Assumptions are the source of many discussions and conflicts in interpersonal relationships, because they make us start from an assumption that we believe to be true but which may not be. They also make us adopt a more rigid and uncompromising position, which leads us to close ourselves to the reasons of others.

On the other hand, assumptions are a source of psychological distress. When we suppose something, our brain stops discriminating between reality and supposition because that becomes our new reality. This leads us to make bad decisions or behave in a maladaptive way because we don't consider reality.

This loss of contact with the real world ends up causing emotional distress. In fact, the assumptions we make are often the fuel that fuels frustration, anger, resentment, guilt, and anxiety.

Assumptions are often a source of disappointment because they are the flame that feeds unreal expectations, especially when we expect things to go according to our plans or people to behave according to our rules and desires.

On the contrary, if we limited ourselves to taking note of the world, instead of constantly making assumptions, we would live much more peaceful.

Five exercises to stop guessing

Gary Klein, a psychologist at Oakland University, decided to analyze the assumptions and found that half of the people don't realize they are making them. Most get trapped in their own wrong assumptions and beliefs, taking them for granted.

There is no doubt that giving up supposing is complicated because it is a natural mechanism, a deeply ingrained tendency to seek answers and explanations. Therefore, the first step is to become aware of our assumptions.

We must remember to distinguish between facts, hypotheses and suppositions. Klein proposes some exercises that can be useful for training our thinking in identifying suppositions:

  1. Find out the mistake. It is a question of imagining that you are in front of a crystal ball. That magic sphere shows us what happened, but it doesn't explain the reasons. Our task is to look for different hypotheses that can explain the fact. With this exercise we train our mind to expand the universe of possibilities, so that we feel more comfortable with cognitive dissonance.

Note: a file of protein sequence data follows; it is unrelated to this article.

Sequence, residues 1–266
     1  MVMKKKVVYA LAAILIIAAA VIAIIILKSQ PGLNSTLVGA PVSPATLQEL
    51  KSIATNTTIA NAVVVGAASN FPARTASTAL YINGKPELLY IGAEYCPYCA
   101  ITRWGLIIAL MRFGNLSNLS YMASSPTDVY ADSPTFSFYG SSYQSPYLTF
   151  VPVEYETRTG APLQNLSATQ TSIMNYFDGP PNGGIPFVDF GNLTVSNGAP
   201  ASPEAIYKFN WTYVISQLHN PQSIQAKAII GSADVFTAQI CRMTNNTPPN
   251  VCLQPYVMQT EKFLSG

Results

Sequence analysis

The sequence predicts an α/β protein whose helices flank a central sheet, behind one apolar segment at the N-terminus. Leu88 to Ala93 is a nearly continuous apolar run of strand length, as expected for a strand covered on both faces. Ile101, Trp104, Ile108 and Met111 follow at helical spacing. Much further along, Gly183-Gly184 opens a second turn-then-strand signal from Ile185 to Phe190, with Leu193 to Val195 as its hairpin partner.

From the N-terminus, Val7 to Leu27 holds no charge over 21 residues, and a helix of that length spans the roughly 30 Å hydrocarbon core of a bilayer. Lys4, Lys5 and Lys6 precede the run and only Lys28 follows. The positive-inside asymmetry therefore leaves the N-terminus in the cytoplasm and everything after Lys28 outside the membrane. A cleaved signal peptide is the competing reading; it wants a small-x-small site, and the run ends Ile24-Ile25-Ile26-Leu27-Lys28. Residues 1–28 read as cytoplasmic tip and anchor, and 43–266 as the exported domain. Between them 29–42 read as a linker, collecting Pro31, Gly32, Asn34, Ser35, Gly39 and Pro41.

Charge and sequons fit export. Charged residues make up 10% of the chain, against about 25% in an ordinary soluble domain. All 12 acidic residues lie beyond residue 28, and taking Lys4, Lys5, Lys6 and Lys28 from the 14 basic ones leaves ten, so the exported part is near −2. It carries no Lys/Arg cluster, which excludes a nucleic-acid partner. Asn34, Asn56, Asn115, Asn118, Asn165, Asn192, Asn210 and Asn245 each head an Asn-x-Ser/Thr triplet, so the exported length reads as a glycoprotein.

2. Identify the weak signals. It is a variation of the previous exercise. It's about visualizing the problem, but this time looking for the subtle signs or warnings that indicate we're getting lost and have decided to ignore. With this retrospective exercise we train our mind to be more sensitive to all kinds of clues and signals, not just those that confirm our expectations and worldview.
  1. Look for contradictions. In this case, we need to take that worry / assumption that is affecting us and put it on trial. Let's imagine we are a prosecutor who has to find the weaknesses of our case and convince a jury. What inconsistencies or contradictions would we find in our argument? How else could it be presented? This exercise will help us get out of our limited perspective by taking a psychological distance that allows us to identify wrong beliefs and details that do not fit our version of things.
  1. Speculate on the possibilities. Let's imagine something we would like to do in the next few days, preferably with other people, like a trip to another city or going to see a movie at the cinema. So, we need to leave our minds free to speculate about all the things that might happen and make us change our plan. With this exercise we understand that there are a thousand possibilities that things will change, so we open ourselves to uncertainty and we will be less inclined to make assumptions.
  1. Ask. Perhaps it is the most powerful exercise of all to stop constantly guessing. When we have doubts, we simply ask, consult others and ask them for their opinion. In this way we will expand our horizon and include other perspectives. If we think someone is looking at us strangely, we shouldn't assume they don't like us by falling into paranoia, we just ask. Sometimes life can be very simple, we complicate it.